Germany's unilateral ban on some kinds of short selling of financial products surprised its European Union partners on Wednesday, and financial markets retaliated by selling off global shares and dumping the euro to a four-year low against the dollar.
The financial market interpreted the decision by Germany's financial regulator BaFin to ban the country's traders from naked short-selling certain European bonds and stocks as a "desperate measure" to shore up the euro.
Consequently, investors rushed to get rid of their shares and the euro, resulting in renewed market turmoil across Asia and Europe.
The euro fell to 1.214 against the dollar, the lowest since April, 2006, but later recovered slightly to close at $1.236.
All leading European share indices closed lower after a day of nervous trading. In London, FTSE closed lower by 2.81 per cent, CAC-40 in Paris by 2.92 per cent, DAX in Frankfurt by 2.72 per cent and IBEX in Madrid by 2.61 per cent.
All key share indices in Asia also dropped.
Germany had clamped down on short-selling of covered sovereign bonds issued by Eurozone countries, credit insurances known as credit default swaps on those bonds and shares of the country's 10 largest financial institutions, including Deutsche Bank and Commerzbank. The ban is effective until March 31, 2011.
Naked short selling is the practice of selling shares without actually owning or borrowing them, with the intention of buying them back later at a lower price.
European governments and politicians have, in recent months, blamed short-selling for "jeopardising the stability of the financial system" by involving in highly speculative trade.
Some EU officials blamed a 'wolf pack' of short traders and hedge funds for driving down the prices of Greek government bonds and shares, and threatening other heavily indebted nations in the Eurozone.
The German government's decision to ban naked short selling was announced shortly after finance ministers of the European Union reached a broad agreement on the need to tighten control over hedge funds and private equity funds at a meeting in Brussels on Tuesday.
BaFin head Jochen Sanio rejected speculations that the move by his organisation was intended to protect German banks from possible insolvency.
"I assure you that the German banking system is solvent," he told the country's parliamentarians at a hearing in the Bundestag.
Sanio said that the ban intends to remedy abuse of trade, not protect insolvent German banks. Banks are finding themselves in grave danger because their share prices have been affected by massive short selling, he added.
Moreover, the euro has also been attacked, Sanio said. The European Commission and EU member nations reacted with bewilderment to the ban on short selling and voiced complaints over the lack of consultations prior to Tuesday night's announcement.
Commission officials said they were surprised that German Finance Minister Wolfgang Schaeuble had not even dropped a hint about the government's plan when he attended a meeting of EU finance ministers on Tuesday.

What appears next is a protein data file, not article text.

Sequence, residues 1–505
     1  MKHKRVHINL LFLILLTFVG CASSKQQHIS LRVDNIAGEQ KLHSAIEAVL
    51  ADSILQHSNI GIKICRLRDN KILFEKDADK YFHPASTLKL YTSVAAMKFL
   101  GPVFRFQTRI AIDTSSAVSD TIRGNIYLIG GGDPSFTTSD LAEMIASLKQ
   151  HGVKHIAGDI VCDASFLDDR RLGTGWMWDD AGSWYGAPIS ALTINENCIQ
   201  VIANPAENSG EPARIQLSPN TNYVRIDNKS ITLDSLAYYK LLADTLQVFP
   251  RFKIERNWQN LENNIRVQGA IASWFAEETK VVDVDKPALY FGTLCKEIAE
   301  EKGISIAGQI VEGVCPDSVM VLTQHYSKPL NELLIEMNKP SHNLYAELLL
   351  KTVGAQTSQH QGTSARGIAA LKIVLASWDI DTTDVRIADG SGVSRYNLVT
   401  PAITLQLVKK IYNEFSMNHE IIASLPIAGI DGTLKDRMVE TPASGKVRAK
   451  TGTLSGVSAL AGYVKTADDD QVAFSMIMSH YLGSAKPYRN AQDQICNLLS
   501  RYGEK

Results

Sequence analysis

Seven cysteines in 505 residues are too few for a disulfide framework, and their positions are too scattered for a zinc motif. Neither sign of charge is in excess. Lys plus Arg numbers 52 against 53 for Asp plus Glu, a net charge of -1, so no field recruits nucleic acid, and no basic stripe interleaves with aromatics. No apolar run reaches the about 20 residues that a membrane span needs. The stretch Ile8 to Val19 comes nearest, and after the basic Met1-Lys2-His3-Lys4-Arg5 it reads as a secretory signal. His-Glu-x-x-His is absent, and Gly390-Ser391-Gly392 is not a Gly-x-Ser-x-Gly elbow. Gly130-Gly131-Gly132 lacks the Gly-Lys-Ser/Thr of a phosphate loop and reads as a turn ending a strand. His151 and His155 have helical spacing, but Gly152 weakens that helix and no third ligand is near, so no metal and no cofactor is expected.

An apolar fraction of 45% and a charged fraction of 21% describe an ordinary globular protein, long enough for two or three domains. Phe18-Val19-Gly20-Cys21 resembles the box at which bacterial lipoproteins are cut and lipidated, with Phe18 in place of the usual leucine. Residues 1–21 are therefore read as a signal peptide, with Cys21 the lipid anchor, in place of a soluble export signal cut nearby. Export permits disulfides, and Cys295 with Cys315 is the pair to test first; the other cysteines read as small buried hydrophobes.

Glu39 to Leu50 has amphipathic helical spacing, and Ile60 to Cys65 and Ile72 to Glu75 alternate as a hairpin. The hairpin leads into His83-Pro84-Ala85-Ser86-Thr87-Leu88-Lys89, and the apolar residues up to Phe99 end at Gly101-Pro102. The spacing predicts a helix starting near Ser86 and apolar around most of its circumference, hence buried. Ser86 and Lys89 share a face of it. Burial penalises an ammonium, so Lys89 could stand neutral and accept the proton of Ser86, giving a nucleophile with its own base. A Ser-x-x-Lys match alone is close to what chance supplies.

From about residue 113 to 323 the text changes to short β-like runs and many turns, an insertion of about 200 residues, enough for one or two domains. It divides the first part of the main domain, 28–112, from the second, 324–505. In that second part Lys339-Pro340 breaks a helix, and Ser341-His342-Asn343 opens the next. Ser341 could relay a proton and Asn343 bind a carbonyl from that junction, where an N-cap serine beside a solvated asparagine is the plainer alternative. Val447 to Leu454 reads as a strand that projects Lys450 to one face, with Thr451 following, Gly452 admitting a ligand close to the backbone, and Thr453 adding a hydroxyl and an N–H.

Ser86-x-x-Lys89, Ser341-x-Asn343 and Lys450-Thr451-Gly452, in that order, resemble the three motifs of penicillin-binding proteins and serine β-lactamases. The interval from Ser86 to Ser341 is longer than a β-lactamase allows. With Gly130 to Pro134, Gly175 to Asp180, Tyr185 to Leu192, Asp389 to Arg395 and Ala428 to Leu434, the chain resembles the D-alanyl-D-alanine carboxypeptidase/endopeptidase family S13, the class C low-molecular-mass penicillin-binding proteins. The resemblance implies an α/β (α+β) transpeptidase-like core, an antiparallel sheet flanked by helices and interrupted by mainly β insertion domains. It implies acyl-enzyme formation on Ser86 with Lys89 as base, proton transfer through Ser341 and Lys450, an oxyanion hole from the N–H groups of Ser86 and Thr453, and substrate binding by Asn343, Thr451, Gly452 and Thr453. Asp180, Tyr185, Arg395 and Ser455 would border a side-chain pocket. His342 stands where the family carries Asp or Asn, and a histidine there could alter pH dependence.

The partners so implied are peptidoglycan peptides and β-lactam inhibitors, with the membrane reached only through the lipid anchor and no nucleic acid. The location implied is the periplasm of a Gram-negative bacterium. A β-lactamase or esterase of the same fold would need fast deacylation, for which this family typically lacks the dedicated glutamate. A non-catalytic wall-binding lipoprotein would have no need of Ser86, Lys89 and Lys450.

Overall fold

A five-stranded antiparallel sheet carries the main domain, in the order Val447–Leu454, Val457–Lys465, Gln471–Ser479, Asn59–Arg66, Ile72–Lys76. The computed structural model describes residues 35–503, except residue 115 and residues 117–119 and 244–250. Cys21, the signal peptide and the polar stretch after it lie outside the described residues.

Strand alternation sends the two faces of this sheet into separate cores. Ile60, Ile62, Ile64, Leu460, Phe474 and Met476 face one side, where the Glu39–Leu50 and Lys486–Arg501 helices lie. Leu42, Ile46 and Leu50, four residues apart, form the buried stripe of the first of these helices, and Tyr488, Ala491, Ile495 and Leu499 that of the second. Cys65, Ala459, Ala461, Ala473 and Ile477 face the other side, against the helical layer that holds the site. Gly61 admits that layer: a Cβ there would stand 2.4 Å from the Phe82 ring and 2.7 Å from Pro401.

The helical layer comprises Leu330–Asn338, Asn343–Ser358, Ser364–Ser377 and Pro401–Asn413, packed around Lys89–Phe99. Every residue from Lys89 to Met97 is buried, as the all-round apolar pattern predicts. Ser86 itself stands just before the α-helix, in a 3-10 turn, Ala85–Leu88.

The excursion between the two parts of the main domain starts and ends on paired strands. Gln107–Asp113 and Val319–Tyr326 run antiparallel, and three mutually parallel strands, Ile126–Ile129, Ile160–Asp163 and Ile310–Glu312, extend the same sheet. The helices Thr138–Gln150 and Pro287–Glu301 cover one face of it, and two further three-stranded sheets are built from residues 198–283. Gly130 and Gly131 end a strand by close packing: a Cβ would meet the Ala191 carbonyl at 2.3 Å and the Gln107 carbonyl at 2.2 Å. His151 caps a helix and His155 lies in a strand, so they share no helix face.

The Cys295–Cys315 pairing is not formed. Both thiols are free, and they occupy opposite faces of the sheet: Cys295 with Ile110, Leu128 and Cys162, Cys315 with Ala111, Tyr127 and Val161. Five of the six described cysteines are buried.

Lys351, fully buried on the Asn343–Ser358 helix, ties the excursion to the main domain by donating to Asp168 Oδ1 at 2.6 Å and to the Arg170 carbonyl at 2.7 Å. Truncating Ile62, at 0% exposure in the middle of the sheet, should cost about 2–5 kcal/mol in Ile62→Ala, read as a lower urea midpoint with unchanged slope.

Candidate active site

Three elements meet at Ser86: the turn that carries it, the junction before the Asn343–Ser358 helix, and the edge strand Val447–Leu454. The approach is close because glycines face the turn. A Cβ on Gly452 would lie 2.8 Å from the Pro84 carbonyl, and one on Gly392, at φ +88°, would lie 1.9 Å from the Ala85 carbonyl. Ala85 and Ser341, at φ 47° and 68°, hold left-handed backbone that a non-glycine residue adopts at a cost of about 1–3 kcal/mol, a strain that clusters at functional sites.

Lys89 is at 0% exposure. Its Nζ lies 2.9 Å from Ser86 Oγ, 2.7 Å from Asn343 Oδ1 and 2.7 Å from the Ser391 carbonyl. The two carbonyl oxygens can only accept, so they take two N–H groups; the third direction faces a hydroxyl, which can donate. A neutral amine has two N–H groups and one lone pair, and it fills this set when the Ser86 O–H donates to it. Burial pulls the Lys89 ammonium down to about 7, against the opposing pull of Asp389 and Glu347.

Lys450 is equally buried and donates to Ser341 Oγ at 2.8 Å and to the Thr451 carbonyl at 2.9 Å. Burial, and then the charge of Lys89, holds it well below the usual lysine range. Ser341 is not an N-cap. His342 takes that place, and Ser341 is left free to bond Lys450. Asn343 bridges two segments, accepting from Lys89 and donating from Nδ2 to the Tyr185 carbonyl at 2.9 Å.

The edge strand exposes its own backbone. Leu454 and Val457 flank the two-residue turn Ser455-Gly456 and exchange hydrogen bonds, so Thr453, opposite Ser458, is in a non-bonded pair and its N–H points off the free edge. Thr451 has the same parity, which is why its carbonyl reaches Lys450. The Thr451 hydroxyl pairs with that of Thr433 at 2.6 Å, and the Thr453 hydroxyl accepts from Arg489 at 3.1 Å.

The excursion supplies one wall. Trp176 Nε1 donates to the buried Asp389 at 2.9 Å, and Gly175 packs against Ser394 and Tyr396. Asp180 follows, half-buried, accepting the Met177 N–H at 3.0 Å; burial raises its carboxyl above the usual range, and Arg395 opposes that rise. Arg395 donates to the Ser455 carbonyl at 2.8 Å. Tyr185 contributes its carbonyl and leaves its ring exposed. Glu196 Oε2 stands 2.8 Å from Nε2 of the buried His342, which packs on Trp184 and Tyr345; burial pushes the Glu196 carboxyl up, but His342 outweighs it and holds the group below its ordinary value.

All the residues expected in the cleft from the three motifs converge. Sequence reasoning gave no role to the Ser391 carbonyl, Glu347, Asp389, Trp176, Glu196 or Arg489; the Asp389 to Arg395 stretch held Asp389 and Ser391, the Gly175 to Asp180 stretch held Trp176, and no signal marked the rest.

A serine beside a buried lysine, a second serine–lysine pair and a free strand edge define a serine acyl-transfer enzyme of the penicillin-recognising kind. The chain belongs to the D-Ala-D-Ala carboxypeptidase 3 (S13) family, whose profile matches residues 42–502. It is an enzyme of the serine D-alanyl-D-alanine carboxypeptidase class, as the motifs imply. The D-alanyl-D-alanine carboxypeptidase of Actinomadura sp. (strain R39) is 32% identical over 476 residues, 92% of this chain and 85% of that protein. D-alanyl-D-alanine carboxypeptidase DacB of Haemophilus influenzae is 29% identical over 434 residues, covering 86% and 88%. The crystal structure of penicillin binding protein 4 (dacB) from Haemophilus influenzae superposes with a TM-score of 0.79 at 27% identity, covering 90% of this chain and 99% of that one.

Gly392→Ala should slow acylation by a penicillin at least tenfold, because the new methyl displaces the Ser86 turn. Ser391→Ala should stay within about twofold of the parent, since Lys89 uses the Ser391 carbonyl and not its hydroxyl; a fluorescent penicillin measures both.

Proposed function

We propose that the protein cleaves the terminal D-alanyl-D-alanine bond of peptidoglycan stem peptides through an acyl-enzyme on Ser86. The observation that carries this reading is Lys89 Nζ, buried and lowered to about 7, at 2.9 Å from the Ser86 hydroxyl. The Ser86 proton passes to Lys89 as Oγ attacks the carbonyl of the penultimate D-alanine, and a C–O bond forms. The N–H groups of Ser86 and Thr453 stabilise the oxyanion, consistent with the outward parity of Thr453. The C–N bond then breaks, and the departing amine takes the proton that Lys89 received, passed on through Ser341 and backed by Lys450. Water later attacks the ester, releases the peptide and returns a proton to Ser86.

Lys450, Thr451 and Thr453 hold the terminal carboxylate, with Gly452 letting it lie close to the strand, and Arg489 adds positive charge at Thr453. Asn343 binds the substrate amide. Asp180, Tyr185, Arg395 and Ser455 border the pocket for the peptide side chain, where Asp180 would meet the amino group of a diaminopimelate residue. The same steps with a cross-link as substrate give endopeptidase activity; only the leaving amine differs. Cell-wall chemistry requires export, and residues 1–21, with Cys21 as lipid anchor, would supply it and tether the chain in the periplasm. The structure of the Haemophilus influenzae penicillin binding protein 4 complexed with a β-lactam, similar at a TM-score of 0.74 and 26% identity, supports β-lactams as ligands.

Voicing her disapproval, French Finance Minister Christine Lagarde said that "anybody in such a situation should seek the opinion of other member nations". France has no intention of following Germany's lead, she added.
The Dutch government also echoed a similar sentiment. EU's internal market commissioner Michel Barnier said that though he could understand Germany's concern over the consequences of risky transactions, "it is important for all EU nations to act together".
The issue must be discussed by finance ministers of the 16 euro zone nations at their next meeting in Brussels on Friday, Barnier said.
Stating that it is necessary to have a set of European rules to prevent "regulatory arbitrariness" and "fragmentation", he said, "These measures could have been more efficient if they were coordinated on the European level."
Barnier pointed out that a working group is currently preparing its recommendations on regulating short selling and it is expected to present its report in the coming weeks.
The commission will draw up its proposals based on recommendations made by the working group.
European Commission President Jose Manuel Barroso said that the member nations of the EU were unanimous in the view that the misuse of short-selling must be tackled.
However, the Spanish government expressed its support for Germany's unilateral move. "We stand fully behind the decision," Spanish Prime Minister Jose Luis Rodriguez Zapatero said.
Financial regulators in Austria and Belgium also welcomed the ban, and said they were considering similar measures. Defending her government's decision, Chancellor of Germany Angela Dorothea Merkel defended her government's decision.
"Germany will continue to take independent action in areas where its unilateral action causes no harm to its partners," Ms Merkel said during a parliamentary debate on the euro 750 billion (nearly a trillion dollars) EU-IMF financial bailout package for the Eurozone.
She said that the ban will remain in force until the EU finds a way to combat the misuse of the provision.